Ibero-American Studies: Master's Program 'Communication and Society in Ibero-America'Course Catalog Winter Semester 2023/2024
Lecture: Latin American Politics
This lecture introduces students to the key theoretical concepts and the main empirical questions of Latin American politics. It provides students with a broad understanding of the political systems and the social and economic challenges in the macro-region of Ibero-America. Against the backdrop of the enormous political and social diversity in the region, this lecture explores the causes and functioning of different institutional structures and their impact on politics and society. The lecture is structured into four overarching topics. The first thematic block is devoted to the political and economic development of Latin America. The second thematic area covers issues of citizen representation and competition between political parties. The third overarching topic is the change in societal values and the causes and consequences of migration for the region. Finally, the fourth thematic block discusses the influence of political actors and institutions on the capacity of states in Latin America. The lecture enables students to develop their own research questions based on the acquired knowledge of the region. The discussion of different methodological approaches enables them to critically engage with the relevant empirical-analytical literature. Furthermore, students learn to classify individual scientific contributions in higher-level debates and to efficiently elaborate the central statements of scientific texts.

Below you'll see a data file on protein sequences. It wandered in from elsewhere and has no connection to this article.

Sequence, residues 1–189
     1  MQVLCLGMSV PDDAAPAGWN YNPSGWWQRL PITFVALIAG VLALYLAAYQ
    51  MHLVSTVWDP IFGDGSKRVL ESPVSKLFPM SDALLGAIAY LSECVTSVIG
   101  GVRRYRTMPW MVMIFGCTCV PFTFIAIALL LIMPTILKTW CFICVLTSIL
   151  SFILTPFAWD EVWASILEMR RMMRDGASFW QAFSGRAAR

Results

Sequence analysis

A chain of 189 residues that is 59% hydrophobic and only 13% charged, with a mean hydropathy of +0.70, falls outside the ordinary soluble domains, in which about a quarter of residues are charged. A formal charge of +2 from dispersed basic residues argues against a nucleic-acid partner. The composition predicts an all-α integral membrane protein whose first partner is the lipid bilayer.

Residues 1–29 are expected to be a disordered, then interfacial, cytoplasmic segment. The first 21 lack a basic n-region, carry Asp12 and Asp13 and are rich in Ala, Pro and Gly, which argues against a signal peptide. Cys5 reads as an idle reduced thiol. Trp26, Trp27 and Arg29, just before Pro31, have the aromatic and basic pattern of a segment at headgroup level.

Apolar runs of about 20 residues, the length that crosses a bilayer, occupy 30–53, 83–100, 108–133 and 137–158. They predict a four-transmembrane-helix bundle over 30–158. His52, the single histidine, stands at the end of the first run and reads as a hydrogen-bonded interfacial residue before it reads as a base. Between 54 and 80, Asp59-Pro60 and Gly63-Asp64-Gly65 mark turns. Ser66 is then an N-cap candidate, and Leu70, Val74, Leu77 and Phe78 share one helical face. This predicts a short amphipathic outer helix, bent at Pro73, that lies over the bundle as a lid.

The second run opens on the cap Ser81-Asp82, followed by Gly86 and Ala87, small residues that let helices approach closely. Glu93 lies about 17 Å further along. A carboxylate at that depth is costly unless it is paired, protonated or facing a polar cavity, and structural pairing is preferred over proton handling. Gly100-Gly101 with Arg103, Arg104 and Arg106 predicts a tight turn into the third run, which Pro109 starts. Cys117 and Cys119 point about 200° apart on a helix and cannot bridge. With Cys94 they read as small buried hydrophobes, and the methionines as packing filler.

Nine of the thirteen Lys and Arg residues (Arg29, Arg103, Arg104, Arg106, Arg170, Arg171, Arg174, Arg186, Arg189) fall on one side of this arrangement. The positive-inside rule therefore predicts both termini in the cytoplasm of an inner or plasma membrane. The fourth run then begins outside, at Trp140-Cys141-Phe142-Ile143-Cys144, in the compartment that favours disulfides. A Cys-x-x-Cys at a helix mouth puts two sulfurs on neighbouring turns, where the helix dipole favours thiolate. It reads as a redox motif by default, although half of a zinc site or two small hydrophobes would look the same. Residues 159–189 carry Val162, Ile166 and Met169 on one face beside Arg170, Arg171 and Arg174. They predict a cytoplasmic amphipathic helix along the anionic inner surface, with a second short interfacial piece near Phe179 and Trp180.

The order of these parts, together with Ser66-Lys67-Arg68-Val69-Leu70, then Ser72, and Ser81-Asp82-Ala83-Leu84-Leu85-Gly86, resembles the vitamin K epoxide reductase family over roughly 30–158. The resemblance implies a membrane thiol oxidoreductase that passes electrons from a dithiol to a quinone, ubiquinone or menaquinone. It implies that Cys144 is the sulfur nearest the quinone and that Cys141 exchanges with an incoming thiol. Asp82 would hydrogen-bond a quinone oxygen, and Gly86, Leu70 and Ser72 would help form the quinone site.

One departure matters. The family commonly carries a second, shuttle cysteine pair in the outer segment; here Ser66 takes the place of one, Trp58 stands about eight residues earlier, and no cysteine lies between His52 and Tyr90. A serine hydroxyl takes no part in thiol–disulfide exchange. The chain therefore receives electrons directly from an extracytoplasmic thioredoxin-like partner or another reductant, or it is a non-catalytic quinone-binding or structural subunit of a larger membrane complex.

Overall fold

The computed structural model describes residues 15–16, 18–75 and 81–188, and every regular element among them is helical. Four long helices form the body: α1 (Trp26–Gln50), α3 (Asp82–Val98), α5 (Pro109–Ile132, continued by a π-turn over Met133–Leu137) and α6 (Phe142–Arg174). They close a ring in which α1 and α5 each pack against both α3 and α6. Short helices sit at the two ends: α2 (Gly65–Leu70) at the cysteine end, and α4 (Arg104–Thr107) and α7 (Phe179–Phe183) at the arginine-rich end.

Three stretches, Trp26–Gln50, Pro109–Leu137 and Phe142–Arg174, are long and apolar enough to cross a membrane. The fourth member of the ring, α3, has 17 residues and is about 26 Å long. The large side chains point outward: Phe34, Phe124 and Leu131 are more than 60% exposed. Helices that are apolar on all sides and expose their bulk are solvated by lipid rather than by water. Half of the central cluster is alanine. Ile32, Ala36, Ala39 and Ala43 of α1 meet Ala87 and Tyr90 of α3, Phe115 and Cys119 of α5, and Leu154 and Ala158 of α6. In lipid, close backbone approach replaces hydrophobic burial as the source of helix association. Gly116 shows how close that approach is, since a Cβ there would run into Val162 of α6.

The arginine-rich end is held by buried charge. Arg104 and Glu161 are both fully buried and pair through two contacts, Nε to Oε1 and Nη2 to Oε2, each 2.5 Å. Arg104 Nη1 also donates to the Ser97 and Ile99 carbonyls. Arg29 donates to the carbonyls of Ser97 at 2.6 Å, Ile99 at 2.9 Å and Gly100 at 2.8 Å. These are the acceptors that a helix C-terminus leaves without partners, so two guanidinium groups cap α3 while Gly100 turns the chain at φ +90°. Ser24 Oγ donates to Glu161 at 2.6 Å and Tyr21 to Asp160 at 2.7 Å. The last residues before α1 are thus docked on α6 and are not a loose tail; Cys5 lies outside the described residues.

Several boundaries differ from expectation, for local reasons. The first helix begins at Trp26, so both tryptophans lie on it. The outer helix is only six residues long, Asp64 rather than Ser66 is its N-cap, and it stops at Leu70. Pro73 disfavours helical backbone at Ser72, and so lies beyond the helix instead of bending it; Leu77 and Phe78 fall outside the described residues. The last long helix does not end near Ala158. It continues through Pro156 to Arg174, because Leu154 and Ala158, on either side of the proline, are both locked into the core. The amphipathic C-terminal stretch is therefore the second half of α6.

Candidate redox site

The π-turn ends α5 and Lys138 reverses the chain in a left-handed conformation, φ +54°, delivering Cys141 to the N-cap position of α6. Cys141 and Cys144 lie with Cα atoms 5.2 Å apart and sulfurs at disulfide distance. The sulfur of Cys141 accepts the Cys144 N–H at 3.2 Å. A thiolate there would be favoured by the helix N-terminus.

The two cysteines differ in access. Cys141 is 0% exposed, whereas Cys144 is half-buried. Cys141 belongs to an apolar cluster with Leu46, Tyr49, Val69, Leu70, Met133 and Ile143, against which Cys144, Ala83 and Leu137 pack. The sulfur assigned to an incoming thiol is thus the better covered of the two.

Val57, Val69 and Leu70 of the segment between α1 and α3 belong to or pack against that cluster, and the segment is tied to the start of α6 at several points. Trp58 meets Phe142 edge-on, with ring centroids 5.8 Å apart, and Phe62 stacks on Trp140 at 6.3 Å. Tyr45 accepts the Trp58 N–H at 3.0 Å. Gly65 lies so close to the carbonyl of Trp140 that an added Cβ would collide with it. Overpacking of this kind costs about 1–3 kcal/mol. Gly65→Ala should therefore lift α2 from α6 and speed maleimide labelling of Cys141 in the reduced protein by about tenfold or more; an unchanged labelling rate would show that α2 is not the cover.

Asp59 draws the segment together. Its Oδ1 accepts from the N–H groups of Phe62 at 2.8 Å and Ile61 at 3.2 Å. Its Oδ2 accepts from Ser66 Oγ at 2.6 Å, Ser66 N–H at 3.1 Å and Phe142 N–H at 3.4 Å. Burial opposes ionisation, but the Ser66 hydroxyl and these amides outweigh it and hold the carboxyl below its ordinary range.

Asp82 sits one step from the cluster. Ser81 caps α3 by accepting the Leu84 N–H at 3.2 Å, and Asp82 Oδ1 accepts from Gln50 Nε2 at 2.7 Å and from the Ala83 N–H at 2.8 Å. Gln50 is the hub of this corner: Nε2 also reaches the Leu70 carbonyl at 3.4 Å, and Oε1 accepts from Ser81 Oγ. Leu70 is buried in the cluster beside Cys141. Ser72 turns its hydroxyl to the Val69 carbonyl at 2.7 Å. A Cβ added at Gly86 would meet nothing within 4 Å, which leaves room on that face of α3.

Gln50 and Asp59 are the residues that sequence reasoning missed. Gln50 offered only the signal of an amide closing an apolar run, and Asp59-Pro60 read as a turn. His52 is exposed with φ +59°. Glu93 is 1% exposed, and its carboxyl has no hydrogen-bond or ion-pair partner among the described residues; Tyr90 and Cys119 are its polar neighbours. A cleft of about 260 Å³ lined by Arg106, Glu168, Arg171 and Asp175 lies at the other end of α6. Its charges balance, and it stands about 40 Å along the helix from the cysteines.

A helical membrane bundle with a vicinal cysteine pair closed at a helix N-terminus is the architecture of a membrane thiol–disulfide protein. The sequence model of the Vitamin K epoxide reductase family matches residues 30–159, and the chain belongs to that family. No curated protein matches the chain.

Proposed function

The course counts as lecture for module 1.
Seminar: Theories of Social Change: Contributions from Latin America
Social change, a foundational topic of sociological thinking, has received renewed attention under new names such as theories of transition and transformation research, and has mostly been discussed widely in relation to the environmental question. However, there is a growing body of literature on the need to also incorporate other dimensions of social change in order to tackle the environmental crisis. This include decolonial approaches, gender theories, critical race studies, and theories on the pluriverse and Indigenous cosmopolitics. This course will discuss Latin American theories on crises and transformation and their contribution to global theoretical and political debates on contemporary processes of social change.
The course counts as seminar for module 1.
Seminar: Socioenvironmental Change in Ibero-America: Historical Developments, Spatial Implications, and Politeconomic Contexts in Latin America